What roast is Ethiopian coffee?

That's why most Ethiopians prefer different shades of medium (rather than dark) toast. A medium roast provides the best balance of acidity, flavors and body. If the roast gets too dark, the flavors become clogged. However, figuring out how to get that perfect roast is difficult.

Ethiopian coffee beans are delicate and small, which makes it difficult to roast them well. We must pay close attention to the entire roasting process. Most yirgacheffe coffee beans are sold as medium roasted, although light roasts are also popular. A medium roast will provide the fullest flavors and the richest aromas.

Here you will find more information about the 5 types of coffee roasts. The ceremony begins with the manual roasting of coffee beans in a wok. This usually leads to uneven, burnt beans. Then the coffee is ground with a mortar and prepared by soaking it.

Medium roasts are most commonly used for yirgacheffe coffee beans. This enhances its sweet aromas and bright acidity. Yirgacheffe beans are small and should be roasted delicately. It is a difficult process that requires precision and patience.

Incorrect roasting causes the beans to lose their distinctive flavor. To learn how to roast Ethiopian coffee, I spoke with three-time South African barista champion and MtPak coffee ambassador, Ishan Natalie. For example, some roasters may decide to increase the development of their coffee by extending the roasting time to create espresso blends. These coffees work surprisingly well on an espresso roast, and the fruity flavors tend to remain prominent.

Coffee plays such an ingrained role in Ethiopian culture that it appears in many expressions related to life, food and interpersonal relationships. The idea and spirit are good, but in my opinion, you would get much more out of the beans if you use professional roasting equipment and the best practices of baristas. The problem with ECX is that it makes it quite difficult to trace coffees to specific farms, which is important for specialty coffee roasters. You can also prepare Ethiopian as an ice cream, if you like cold coffee with a little more flavor.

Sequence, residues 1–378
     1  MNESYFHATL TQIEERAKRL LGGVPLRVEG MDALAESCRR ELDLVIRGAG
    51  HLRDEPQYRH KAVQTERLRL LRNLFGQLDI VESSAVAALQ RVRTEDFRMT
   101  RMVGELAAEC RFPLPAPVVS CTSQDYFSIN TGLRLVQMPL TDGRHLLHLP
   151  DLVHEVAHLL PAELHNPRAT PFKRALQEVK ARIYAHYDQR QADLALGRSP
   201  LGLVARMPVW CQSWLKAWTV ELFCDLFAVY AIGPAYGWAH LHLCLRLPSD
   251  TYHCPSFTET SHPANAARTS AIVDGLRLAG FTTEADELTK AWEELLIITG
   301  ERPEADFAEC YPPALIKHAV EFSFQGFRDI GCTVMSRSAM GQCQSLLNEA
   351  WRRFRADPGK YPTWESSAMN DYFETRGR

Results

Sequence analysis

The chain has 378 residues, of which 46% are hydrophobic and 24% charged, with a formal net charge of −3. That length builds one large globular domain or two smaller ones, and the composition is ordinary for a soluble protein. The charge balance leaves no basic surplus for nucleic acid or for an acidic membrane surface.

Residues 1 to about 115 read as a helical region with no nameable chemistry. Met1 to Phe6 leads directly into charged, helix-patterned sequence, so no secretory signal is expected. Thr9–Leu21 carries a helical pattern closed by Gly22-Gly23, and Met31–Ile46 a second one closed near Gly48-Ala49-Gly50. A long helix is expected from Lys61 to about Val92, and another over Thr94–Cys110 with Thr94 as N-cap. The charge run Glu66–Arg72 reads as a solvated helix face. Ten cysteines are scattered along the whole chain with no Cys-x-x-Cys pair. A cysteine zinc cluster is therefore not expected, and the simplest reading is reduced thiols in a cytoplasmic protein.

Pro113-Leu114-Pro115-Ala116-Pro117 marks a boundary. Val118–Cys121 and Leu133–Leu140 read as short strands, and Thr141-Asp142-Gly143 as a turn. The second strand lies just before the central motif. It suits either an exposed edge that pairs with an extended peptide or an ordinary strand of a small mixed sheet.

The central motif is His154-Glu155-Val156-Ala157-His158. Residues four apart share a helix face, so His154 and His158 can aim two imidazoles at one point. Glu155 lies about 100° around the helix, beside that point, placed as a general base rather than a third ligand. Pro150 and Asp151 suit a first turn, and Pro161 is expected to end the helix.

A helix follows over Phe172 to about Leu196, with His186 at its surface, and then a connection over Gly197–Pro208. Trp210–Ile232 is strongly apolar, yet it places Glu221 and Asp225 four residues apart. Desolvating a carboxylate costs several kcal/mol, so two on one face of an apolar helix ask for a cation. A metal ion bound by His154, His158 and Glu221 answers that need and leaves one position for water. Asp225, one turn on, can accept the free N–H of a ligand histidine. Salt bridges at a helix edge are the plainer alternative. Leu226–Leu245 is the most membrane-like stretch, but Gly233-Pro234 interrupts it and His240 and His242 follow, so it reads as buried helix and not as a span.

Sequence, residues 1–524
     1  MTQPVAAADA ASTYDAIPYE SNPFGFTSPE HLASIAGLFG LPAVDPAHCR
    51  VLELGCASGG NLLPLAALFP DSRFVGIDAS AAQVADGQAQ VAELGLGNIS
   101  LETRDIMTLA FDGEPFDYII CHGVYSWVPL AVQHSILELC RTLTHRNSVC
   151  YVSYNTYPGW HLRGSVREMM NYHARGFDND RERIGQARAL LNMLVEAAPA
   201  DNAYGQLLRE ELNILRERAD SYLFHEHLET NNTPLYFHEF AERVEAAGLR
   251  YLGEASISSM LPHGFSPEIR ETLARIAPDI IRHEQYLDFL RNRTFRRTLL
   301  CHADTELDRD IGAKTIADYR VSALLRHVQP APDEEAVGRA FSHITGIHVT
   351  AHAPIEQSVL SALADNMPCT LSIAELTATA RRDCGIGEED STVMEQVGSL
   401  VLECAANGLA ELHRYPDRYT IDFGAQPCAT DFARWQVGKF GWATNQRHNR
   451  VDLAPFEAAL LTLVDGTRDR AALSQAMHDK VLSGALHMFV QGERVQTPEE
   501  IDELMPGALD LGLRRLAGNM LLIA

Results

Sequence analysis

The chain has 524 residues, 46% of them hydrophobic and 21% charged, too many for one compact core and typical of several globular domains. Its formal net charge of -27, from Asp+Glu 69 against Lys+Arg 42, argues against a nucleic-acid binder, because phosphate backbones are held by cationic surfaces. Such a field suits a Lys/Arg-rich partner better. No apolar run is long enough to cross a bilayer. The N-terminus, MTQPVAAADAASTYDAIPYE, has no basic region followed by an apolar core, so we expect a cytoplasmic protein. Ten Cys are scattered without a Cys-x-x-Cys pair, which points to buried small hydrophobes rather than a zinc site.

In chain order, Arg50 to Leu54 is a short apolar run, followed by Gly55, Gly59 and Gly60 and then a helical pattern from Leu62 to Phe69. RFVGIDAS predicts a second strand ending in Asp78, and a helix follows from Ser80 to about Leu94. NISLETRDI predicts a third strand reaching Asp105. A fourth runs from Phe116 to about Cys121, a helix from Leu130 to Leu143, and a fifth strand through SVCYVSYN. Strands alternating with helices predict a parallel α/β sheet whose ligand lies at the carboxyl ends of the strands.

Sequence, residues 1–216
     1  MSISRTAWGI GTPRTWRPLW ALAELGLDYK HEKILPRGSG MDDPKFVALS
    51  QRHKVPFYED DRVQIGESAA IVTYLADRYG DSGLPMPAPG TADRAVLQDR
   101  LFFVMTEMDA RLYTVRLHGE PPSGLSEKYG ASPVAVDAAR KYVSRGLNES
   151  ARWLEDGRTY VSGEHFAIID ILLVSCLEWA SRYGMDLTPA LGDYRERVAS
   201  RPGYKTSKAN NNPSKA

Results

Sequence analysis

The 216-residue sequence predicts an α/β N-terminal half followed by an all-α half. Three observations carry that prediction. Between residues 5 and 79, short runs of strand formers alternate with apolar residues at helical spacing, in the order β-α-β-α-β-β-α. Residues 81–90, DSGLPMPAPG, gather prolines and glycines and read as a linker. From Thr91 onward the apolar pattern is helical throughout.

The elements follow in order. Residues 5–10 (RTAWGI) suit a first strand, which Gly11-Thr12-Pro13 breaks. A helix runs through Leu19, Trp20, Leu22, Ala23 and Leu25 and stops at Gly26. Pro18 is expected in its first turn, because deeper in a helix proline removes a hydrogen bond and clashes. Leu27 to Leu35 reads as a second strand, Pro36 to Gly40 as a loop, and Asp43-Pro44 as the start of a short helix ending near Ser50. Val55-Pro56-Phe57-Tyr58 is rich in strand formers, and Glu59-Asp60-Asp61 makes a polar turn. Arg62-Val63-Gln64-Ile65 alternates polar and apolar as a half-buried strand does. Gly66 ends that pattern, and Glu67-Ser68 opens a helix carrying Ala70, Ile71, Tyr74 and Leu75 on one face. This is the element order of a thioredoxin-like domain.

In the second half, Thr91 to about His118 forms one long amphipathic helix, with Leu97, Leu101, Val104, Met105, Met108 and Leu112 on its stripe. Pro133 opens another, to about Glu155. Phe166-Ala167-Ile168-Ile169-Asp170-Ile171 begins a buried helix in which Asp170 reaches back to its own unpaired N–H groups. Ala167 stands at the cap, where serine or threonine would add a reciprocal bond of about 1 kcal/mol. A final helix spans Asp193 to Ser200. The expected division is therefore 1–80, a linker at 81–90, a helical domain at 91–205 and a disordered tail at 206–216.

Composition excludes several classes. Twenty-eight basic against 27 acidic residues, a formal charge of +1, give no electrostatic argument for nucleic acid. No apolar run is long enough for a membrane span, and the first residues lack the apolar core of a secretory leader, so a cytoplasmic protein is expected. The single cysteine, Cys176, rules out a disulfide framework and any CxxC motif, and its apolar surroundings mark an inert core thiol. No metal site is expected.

With this story in mind, it's suddenly much easier to understand why Ethiopian coffee is so unique. On his site, he also offers tips for roasting each coffee for maximum flavor, pictures of each farm and mill, and a detailed description of exactly where each coffee comes from. This prolongs the Maillard reaction, a chemical reaction that occurs during roasting, which more than doubles the number of volatile aromatics in coffee. The quintessential cup qualities of the best Ethiopian coffees are the sweet floral notes in coffee that exemplify the connection between taste and smell.

For that reason, Ishan suggests starting with a fairly low charging temperature and entering a more aggressive “first crack”, the stage of roasting in which the grains expand and release moisture. The key really lies in the speed controlled at the first crackle, an audible sound that is heard during roasting.

Patrick Draper
Patrick Draper

Total bacon practitioner. Proud coffee expert. Freelance internet maven. Zombie scholar. General bacon specialist. Devoted coffee junkie.